Other teachers, responding to the presentations, argued that to dilute biology courses with social issues would make a "sham" of science education and would result in the removal of all the "hard" information from biology courses. Some, citing earlier experiments in socially relevant curricula, warned that the discussions of social issues could easily degenerate into "rap sessions."
Many speakers, however, did offer guidelines for science educators who want to include more social issues in the curriculum. Since many of the issues are highly controversial, the speakers advised teachers to discuss them from many points of view and to allow all students to express their opinions.
"Teaching about values in biology is not a matter of presenting students with predetermined values," Mr. Hurd said. Rather, he said, teachers should offer them all the information available about a topic and allow them to decide for themselves what their moral stance toward it should be.
"You must be prepared for people to disagree," Mr. Barman said. "Do not present your own views on the subject. Stay neutral."
The approaches offered ranged from beginning with the issues and working toward the "biological facts," to the reverse--incorporating issues into the curriculum when possible, but still keeping to basic biology.
To include social issues in any format, however, will require educators to be highly selective in the material they cover, Mr. Hurd suggested. "From all that has been learned," he asked, "what is most worthy to teach, given the 175 hours [available] for a high-school course?'' The information should be "useful," Mr. Hurd suggested. "Useful knowledge goes beyond the acquisition of facts," he said, and can be applied to many situations.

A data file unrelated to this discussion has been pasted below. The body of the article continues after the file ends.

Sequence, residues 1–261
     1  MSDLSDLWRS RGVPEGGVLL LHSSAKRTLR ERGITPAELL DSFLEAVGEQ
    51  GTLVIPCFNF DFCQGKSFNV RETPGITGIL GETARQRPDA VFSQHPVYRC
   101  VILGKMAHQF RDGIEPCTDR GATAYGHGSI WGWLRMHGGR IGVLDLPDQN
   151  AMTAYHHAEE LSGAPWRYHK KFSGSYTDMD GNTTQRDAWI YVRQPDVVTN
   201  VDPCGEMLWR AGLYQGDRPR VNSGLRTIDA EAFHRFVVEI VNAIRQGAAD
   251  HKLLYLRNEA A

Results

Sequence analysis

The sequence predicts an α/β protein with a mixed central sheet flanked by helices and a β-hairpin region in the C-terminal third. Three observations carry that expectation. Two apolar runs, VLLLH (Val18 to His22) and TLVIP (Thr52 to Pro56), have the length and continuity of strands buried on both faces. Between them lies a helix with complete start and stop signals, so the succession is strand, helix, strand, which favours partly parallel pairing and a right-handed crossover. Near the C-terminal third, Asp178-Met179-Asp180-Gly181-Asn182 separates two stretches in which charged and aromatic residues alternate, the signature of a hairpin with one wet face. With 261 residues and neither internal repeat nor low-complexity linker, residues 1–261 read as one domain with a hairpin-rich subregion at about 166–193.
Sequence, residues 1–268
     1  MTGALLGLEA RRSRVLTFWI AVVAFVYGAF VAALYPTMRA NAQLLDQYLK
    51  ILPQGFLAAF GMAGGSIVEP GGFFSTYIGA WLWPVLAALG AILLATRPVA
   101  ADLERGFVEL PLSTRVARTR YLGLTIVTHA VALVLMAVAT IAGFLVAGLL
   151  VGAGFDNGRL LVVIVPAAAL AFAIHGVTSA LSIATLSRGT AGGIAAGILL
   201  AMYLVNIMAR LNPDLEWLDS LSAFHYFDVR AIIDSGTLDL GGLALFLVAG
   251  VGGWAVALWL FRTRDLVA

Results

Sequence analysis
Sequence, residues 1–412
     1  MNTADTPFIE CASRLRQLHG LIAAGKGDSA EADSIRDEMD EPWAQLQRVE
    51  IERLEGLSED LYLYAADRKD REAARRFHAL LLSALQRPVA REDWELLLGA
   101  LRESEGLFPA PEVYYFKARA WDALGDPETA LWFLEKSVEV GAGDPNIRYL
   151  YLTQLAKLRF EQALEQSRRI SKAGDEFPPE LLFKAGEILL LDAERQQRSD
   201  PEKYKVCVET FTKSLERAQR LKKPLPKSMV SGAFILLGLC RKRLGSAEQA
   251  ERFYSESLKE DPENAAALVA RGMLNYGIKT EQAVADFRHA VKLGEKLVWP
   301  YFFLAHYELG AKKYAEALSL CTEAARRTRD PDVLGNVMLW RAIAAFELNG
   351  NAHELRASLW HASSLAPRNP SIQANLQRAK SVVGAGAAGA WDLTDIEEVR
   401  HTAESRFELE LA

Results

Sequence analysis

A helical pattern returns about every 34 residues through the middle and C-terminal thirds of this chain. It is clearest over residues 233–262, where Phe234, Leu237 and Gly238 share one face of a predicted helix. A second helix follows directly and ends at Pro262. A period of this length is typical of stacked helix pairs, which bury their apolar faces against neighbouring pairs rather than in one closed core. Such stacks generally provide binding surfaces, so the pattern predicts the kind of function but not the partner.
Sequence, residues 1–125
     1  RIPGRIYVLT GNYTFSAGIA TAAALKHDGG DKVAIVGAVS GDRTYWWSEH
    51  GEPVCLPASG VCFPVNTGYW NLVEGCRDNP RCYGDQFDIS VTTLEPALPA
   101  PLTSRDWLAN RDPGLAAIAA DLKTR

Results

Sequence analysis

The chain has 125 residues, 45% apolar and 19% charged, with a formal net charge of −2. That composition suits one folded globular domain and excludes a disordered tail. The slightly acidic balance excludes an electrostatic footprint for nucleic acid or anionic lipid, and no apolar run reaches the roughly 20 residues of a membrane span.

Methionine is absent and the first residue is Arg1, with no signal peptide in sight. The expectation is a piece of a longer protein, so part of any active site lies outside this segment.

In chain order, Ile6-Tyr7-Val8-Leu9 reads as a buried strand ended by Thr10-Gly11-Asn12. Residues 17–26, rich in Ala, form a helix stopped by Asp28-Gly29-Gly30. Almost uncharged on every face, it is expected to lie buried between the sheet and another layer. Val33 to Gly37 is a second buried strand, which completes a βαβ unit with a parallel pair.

Science educators who seek to create scientifically and technologically literate people should focus on three dimensions of learning, suggested Mr. Bybee of Carleton College. To do so, however, may mean eliminating other topics. "Not ev-erything can be included," he said. "Some things will have to be excluded."
First, he said, they should consider what information might help students personally--nutrition education, for example. Second, they should look at the various social issues that relate to science: "What must a person know to think about these things as a citizen."
And third, teachers should include something about science and technology as an enterprise in our society, he suggested.
Biology teachers who want to include more social issues in their curricula should focus on a "problem-centered" approach, suggested Herbert Brunkhorst, a Newton, Mass., biology supervisor. "We should encourage a greater role for students in dealing with the problems of biology, not just the facts of biology," he said.
Teachers who are interested in trying a cross-disciplinary approach could begin in several ways, Mr. Barman said. They could combine curricula by identifying those "process skills" common to both science and social studies. These skills might include observing, classifying, defining, measuring, and establishing and testing hypotheses, he said.
Several speakers urged the teachers to consider their goals carefully before proceeding with a new "socially relevant" curriculum. They suggested also that teachers try hard to think of new approaches, rather than just recycling the old ones.
"What concerns me the most is that I don't see very many fresh ideas being brought up and discussed that are any different from the ones that didn't, in my opinion, get us very far before," Mr. Yager said.
Noted John Penick, professor of science education at the University of Iowa: "I'm delighted that the crisis is being recognized, but I'm terrified that we're going to react as we did in 1957. I don't have any great solutions. We should think about where we want to go."